Modern Catholic scholars reflect this conviction when they say that this legacy of corporal punishment ". . . reflect[s] neither the spirit nor the methods Christ who said: 'Learn of Me, for I am meek and humble of heart'." and that the Church should not "employ physical force to coerce the mind of man. . .Our only instruments in the domain of conscience must be reason, God's grace, human kindness and love."
- Spanking Flies in the Face of Good Science
The Church respects good science because it simply describes the Natural Order created by God. To deny the validity of scientific inquiry, and the truth and relevance of its discoveries is to turn a blind eye to a part of God's revelation to man….
- In study after study, spanking has been found to increase deceitfulness, noncompliance, oppositional/defiant behaviors and violence in children.
- Research consistently demonstrates that corporal punishment creates and maintains "willful defiance" and other unmanageable behavioral problems. (Thus, the notion that "willful defiance" deserves corporal punishment is exactly counterproductive.)
- Children who are spanked have lower average intelligence scores, and demonstrate poorer school performance. This is not because they are less intelligent, but because they are more reluctant to demonstrate their intelligence for fear of being 'wrong' and, as a result, harshly judged.
- Spanked children show less creativity and are less inclined to take healthy and appropriate risks; yet are more likely to take inappropriate risks.
- Children who are spanked demonstrate a diminished ability to say 'no' in personally demeaning or dangerous situations (including drug use and sexual situations) - especially when encouraged by peers.
- Spanking has been shown to significantly increase violent/bullying behavior (especially in boys) and shyness (in girls).
- Children who are spanked have higher rates of constipation of the bowels, depression, substance abuse, suicidality, anxiety, and irrational fears/phobias.
- Long-term studies indicate that girls who are spanked show a greater risk of ending up in abusive marriages; boys who are spanked have a higher than average chance of becoming abusive spouses.
- Adults who were spanked as children tend to be less happy in their marriages.
- Adults who were spanked as children tend to reject the religion of their parents.
All of the above - and more - have been attributed not to abusive levels of corporal punishment or violence to children, but, rather, to commonly accepted level of spanking. These are the scientific findings of the profession. …
- Spanking Is Violence Webster defines violence as "physical force used so as to injure." Having scientifically established that spanking does cause injury (although, in most instances, not immediately perceptible), it follows that spanking is a form of violence. ….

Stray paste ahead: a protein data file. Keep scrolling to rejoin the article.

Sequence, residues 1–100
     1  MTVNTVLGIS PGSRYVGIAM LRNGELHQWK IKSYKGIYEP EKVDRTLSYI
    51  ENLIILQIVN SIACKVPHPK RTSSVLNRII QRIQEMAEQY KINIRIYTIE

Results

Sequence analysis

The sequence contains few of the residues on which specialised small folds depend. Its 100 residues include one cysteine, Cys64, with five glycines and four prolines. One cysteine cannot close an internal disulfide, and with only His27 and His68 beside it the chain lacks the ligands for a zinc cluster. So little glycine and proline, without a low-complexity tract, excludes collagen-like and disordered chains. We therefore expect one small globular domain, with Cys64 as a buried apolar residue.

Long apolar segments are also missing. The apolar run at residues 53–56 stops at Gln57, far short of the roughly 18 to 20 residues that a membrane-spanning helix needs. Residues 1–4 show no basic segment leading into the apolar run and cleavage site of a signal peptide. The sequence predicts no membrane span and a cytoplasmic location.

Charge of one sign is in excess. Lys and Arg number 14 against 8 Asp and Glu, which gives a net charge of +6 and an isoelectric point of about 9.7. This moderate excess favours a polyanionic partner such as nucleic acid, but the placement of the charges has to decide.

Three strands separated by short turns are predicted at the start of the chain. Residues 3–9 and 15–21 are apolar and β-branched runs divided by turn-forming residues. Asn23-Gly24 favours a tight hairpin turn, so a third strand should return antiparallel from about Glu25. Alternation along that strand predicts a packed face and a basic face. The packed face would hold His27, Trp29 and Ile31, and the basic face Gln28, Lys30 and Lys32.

About the culture that must exist in the family which espouses and lives the "Gospel of Life", Holy Father says this:
"It is above all in raising children that the family fulfills its mission to proclaim the Gospel of life. By word and example , in the daily round of relations and choices, and through concrete actions and signs, parents lead their children to authentic freedom, actualized in the sincere gift of self, and they cultivate in them a respect for others, a sense of justice, cordial openness, dialog, generous service, solidarity, and all the other values which help people live life as a gift." (The Gospel of Life)
The evidence is compelling that corporal punishment does not instill in our children or lead them toward any of these qualities. In fact, it tends to cultivate deceitfulness, violence, fear, and a rejection of parents' authority and religion as arbitrary and nonsensical. ….
- Spanking as Sin or Occasion of Sin
….Most parents who use corporal punishment admit to having struck their children "unjustly" (i.e. through some fault of their own, rather than the child's). This mistake is certainly one all parents have made, regardless of admission; and one most admit is sinful. If spanking unjustly is sinful, then the risk of sinning by spanking at all is unacceptably high. As Catholics, we are obliged not only to avoid sin, but to avoid the near occasion of sin, and entreat the Lord to "lead us not into temptation." Especially, we must avoid the temptation to do harm to the least of His children.
- God's Justice is Subject to His Love
Parents who use corporal punishment often defend it by saying, "God is a God of Justice." Certainly, but His Justice is subject to His Love. If this were not so, could any of us, in light of our own sinfulness, justify our existence, much less the precious gift of Jesus' passion, death and resurrection? How telling are Scripture: "If you mark our iniquities, then who could stand?"; and Liturgy: "O felix culpa, quae talum ac tantum meruit habere Redemptorem" ("Oh happy fault, which gained for us so great a Redeemer").